Technical Analysis

Definition of Exponential Moving Average (EMA)

EMA is used in technical analysis to show the trend of a stock or future or whatever the underlying security. The figures after EMA, such as EMA11 or EMA50 pertains to the number of days for which the moving average is calculated. The higher the number, the slower reaction on the trend.

Exponential Moving Average shows the average value of the underlying data, most often the price of a security, for a given time period, attributing more weight to the latest changes and less to the changes that lie further away.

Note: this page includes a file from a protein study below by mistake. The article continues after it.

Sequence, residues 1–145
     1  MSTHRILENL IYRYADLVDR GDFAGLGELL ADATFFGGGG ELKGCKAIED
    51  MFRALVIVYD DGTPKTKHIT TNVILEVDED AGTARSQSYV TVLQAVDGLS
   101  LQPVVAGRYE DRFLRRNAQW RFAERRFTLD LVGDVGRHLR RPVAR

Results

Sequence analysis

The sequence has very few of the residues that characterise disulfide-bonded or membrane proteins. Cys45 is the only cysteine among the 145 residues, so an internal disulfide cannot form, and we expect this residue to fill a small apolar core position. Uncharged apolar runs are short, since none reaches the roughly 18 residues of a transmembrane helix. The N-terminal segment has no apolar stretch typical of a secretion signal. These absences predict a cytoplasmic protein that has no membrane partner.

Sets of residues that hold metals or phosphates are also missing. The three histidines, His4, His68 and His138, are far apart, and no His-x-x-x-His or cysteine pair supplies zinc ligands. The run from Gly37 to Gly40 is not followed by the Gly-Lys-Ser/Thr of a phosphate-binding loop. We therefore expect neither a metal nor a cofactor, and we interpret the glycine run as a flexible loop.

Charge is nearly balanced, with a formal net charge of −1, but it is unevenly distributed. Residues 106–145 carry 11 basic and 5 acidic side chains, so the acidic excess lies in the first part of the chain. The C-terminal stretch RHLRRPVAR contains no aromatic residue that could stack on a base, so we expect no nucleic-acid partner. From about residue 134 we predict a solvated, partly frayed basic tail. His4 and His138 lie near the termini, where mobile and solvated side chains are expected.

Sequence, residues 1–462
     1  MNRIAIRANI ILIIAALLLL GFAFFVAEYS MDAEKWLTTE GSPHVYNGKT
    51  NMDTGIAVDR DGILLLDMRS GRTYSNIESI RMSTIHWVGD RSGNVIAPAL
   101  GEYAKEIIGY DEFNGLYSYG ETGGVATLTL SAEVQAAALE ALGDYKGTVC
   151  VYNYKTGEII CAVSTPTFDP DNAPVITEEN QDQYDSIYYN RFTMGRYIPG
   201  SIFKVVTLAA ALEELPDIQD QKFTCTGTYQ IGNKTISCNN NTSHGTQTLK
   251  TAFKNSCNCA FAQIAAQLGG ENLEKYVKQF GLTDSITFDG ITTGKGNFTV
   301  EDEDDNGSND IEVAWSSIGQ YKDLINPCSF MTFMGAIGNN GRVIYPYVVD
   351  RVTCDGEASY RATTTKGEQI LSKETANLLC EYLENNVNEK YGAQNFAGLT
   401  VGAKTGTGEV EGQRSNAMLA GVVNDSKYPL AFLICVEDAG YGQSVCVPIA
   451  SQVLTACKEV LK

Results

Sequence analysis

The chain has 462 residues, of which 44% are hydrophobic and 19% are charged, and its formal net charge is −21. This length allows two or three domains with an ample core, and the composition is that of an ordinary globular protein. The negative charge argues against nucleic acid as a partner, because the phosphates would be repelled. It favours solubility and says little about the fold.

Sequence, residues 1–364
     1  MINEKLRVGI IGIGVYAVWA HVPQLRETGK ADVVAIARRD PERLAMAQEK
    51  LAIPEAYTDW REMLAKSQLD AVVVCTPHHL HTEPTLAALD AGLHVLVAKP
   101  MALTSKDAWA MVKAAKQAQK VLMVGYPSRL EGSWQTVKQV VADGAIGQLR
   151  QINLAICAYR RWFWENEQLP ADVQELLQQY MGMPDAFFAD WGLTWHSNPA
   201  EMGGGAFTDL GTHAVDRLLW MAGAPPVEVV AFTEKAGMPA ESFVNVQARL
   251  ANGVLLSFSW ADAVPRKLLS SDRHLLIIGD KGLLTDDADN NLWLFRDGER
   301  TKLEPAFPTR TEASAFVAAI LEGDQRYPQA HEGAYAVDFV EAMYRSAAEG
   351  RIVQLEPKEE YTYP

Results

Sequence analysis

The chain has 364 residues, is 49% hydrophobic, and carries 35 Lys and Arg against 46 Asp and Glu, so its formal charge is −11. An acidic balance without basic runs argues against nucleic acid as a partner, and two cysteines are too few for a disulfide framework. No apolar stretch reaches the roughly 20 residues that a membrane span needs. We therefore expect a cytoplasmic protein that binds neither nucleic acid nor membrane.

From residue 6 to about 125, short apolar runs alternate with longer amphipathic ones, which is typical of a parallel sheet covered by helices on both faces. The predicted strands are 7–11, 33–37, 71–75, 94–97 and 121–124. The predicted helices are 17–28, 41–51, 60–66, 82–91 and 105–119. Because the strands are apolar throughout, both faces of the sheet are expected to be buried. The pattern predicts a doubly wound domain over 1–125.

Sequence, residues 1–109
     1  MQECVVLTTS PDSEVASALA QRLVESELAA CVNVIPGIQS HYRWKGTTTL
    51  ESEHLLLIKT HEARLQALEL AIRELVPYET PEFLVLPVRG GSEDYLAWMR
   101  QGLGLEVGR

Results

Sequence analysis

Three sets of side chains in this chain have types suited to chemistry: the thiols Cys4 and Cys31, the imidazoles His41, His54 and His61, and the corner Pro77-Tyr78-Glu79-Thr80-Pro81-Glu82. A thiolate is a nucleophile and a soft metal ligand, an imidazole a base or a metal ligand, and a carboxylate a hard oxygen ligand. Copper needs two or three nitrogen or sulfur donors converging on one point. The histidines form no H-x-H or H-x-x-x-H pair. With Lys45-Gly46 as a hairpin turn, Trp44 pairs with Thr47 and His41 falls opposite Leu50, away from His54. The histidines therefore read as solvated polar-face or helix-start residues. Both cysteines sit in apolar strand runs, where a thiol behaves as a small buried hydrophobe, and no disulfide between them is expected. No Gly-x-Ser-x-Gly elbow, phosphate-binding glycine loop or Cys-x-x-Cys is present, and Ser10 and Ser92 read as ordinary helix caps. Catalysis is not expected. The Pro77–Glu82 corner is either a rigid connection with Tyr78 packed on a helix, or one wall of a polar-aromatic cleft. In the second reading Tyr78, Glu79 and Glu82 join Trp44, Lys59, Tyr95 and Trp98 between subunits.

Exponential Moving average is together with its simple counterpart (MA) considered to be one of the most common Indicators in nearly any technical analysis software available in the market today. It’s a trend following indicator and is calculated like so:

EMA = Price(t) * k + EMA(y) * (1 – k)
t = today, y = yesterday, N = number of days in EMA, k = 2/(N+1)

For a complete walkthrough of how to calculate an EMA, see our EMA-walkthrough.

Exponential Moving Average is a trend following indicator.